2020 Florence Kidder Memorial Scholarship - Fourth Place Essay by Abigail Dunnigan

“Hey Jack, I think I found how to stop the Red Banks Primitive Baptist Church from being torn down.”

“C’mon Kate, why does it matter?”

“I’ve lived near the old church for my entire life, it’s not right for them to do this. I think if we can present our case to the city council and explain the history behind it, we can show them why it needs to be preserved.”

“I guess, but what makes the church so special?”

“Look here Jack, this book says that the Primitive Baptist Church has a rich history in Greenville and Eastern North Carolina. After a farmer group wanted to be a part of the Primitive Baptist Faith, they sought help from the Philadelphia Association and constructed a meeting house north of the Tar River (Joyner).”

Jack looked interested. “Does it say anything about Primitive Baptists before they came to Pitt County?”

Kate flipped back a few pages. “Yeah, it says here that they were organized in 1689. The original group was called the English General Baptists, and they adhered to The London Articles of Faith. It’s a document that establishes God’s absolute sovereignty. Apparently, they were shunned for their simple way of life and religion. Not long after the group formed, people began to persecute them and accused them of being ‘separatists’ (Joyner).”

“That doesn’t sound like fun,” Jack remarked.

“Not at all. When many English people left for the New World, the Primitive Baptists followed suit and evolved into two associations in Charleston and Philadelphia. Soon after, the Pitt County congregation formed. After outgrowing their original meeting place, the Primitive Baptists moved south of the Tar River to a new area of land owned by one of the children of John Hardee, a Revolutionary War Colonel (Joyner). On December 30th, 1863, the church was set on fire by Union forces during the Civil War. They were led by Colonel Joseph M. McChesney and had previously camped at the Red Banks Church because there were Confederate camps nearby. After the Confederate troops received word of the church fire, the two sides engaged in battle which resulted in a dramatic loss for the Confederates. Confederate Lieutenant David C. Camp was killed, along with five soldiers (Waymarking).”

“Wow, a lot has happened there. Can I see the book?”

“Of course,” Kate replied. “If you see here, the Red Banks Church was rebuilt in the same spot two more times, and was finally large enough to fit its congregation. By 1900, there were sixty-three members in the Red Banks Primitive Baptist Church alone (National Register).”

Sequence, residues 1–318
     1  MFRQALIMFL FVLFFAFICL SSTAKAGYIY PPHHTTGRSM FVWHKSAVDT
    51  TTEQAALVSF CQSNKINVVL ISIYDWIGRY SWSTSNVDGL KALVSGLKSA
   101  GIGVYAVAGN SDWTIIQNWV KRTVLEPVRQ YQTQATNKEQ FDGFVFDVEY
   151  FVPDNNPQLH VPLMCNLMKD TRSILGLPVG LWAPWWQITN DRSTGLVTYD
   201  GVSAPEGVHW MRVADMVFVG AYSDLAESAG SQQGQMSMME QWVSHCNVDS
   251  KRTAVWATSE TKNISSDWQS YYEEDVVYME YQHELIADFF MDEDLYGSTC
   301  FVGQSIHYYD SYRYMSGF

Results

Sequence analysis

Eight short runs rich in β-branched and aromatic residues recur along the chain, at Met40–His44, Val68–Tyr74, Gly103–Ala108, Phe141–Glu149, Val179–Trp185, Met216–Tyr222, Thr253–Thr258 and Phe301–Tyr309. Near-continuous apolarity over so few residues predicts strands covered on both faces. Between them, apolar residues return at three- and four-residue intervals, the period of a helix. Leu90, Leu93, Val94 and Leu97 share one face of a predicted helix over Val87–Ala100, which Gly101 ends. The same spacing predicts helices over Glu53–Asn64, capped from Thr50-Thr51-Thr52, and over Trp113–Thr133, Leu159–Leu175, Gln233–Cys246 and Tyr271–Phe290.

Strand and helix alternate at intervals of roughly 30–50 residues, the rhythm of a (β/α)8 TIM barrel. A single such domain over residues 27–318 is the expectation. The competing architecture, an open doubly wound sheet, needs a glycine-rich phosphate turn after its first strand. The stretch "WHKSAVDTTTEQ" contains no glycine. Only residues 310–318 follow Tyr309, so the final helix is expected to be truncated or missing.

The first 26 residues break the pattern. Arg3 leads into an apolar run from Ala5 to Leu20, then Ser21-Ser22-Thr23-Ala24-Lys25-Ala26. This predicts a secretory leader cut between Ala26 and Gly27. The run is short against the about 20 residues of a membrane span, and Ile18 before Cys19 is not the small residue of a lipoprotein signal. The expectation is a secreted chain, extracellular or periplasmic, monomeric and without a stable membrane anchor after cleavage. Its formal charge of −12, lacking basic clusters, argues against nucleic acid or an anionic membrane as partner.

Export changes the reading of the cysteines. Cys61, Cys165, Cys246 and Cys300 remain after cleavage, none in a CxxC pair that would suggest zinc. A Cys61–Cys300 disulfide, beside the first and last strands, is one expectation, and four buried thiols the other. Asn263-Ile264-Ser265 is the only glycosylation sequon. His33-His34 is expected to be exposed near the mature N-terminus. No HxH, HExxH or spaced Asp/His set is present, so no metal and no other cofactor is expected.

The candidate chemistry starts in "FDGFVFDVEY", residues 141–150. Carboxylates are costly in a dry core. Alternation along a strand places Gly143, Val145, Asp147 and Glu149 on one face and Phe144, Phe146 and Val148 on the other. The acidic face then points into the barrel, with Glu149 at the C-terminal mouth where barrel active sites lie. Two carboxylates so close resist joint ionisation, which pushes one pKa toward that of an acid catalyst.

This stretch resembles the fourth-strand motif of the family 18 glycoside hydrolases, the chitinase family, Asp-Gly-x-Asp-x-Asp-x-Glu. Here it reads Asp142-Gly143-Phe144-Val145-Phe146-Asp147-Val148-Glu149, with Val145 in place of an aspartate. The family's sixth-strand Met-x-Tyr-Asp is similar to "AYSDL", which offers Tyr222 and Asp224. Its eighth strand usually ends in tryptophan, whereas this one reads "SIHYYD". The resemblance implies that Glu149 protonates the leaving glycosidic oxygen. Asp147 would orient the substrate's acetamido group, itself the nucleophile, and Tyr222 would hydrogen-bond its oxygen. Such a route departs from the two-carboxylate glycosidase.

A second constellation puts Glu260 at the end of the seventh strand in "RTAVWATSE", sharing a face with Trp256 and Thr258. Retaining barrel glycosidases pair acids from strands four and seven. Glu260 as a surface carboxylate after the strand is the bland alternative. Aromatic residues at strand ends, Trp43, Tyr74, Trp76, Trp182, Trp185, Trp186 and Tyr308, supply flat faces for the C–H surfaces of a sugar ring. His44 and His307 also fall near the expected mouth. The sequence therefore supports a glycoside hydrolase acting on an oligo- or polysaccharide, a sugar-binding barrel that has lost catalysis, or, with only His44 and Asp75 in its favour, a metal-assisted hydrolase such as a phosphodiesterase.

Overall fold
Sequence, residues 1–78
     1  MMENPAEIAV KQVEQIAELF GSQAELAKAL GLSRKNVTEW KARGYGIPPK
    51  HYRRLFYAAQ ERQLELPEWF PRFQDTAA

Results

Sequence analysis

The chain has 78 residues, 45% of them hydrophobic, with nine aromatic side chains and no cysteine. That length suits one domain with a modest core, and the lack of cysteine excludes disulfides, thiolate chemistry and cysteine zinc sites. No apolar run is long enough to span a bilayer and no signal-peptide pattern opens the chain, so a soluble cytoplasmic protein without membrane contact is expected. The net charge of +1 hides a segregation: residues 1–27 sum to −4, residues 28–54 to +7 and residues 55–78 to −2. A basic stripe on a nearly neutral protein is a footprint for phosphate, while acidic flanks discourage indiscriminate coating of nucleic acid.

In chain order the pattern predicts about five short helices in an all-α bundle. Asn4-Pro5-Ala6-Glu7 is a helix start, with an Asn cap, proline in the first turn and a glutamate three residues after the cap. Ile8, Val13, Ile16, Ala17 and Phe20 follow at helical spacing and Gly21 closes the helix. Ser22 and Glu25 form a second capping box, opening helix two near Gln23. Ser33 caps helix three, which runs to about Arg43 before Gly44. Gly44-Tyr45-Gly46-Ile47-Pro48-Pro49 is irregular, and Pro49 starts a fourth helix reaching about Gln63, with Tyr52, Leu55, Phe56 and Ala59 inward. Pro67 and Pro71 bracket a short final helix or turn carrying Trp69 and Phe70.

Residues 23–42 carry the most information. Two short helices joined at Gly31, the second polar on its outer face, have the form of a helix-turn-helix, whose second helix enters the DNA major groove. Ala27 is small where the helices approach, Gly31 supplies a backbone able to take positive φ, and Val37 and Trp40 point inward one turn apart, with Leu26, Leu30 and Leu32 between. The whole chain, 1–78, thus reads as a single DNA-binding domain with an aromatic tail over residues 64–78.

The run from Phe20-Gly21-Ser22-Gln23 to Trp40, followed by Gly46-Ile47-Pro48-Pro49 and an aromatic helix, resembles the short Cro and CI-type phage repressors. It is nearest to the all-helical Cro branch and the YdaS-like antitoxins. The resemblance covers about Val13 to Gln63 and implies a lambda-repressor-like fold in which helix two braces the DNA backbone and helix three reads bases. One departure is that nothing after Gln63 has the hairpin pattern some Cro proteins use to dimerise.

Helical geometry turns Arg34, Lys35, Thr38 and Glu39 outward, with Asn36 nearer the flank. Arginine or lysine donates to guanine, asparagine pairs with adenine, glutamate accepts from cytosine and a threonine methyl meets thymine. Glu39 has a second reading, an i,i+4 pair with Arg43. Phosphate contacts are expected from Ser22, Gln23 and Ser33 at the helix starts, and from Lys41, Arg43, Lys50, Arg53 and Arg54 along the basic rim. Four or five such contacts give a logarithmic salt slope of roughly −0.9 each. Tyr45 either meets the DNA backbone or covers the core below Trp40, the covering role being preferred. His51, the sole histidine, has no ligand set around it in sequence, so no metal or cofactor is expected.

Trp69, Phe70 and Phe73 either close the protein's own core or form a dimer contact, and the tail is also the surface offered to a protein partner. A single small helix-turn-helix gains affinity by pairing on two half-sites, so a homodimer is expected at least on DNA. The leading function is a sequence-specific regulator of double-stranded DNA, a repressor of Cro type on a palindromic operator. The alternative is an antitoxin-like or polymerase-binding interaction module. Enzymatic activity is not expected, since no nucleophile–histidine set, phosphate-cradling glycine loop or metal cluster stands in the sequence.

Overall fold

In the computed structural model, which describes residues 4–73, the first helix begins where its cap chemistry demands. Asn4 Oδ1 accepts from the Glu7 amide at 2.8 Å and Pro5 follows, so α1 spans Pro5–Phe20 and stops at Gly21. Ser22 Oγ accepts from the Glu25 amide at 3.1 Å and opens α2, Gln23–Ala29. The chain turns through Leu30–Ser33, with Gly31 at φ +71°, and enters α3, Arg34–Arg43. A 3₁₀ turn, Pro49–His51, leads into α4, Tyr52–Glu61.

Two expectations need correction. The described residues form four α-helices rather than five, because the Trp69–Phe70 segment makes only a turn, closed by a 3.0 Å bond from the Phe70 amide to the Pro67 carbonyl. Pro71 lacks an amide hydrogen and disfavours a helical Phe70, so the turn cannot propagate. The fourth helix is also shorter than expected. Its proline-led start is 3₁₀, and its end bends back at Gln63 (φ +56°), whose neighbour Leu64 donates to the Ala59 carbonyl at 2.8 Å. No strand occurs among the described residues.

Jack scanned the page, reading out loud as he went along. “However, those high numbers did not last. The Red Banks Church was part of the Kehukee Association of the Primitive Baptist Church, which suffered declining members over the course of the Twentieth Century. Their outdated church practices simply could not keep up with the progressive times, as members had trouble adhering to policies such as alcohol bans. In 1996, the Red Banks Church lost its membership with the Kehukee Association after a disagreement regarding Brother Milton Lupton and his approach to wanting to preach. To preserve the church, the Pitt County Historical Society was given ownership to the building and land, and it has stayed that way ever since (National Register).”

“Until they wanted to tear it down,” Kate commented. “Historical preservation is necessary to help us remember what came before us and how we got here.”

“You’re right,” Jack replied. “If the Red Banks Church was not still standing, we would probably not have known about it at all.”


This essay utilizes real information within a fictional setting to emphasize the importance of historical preservation. The Red Banks Primitive Baptist Church is still under the ownership of the Pitt County Historical Society, and is in no danger of being torn down. It was home to one of the first religious organizations in Pitt County, and has contributed greatly to Eastern North Carolina’s culture and heritage (Joyner). Through their immersive nature, historical sites not only remind us about the past. They provide more memorable and valuable learning experiences than any textbook ever can.

Works Cited
"Historic Red Banks Primitive Baptist Church." Joyner Library, East Carolina University, Greenville, NC, G. Banks, 2002. Internet Archive, archive.org/stream/historicredbanks00gree/historicredbanks00gree_djvu.txt. Accessed 26 Jan. 2020. 
“NATIONAL REGISTER OF HISTORIC PLACES REGISTRATION FORM: Red Banks Primitive Baptist Church.” United States Department of the Interior and National Parks Service, 5 Feb. 2002.
Red Banks Primitive Baptist Church - Greenville, NC. Civil War Discovery Trail Sites on Waymarking.com, 8 Jan. 2009, www.waymarking.com/waymarks/WM5HA6. Accessed 27 Jan. 2020.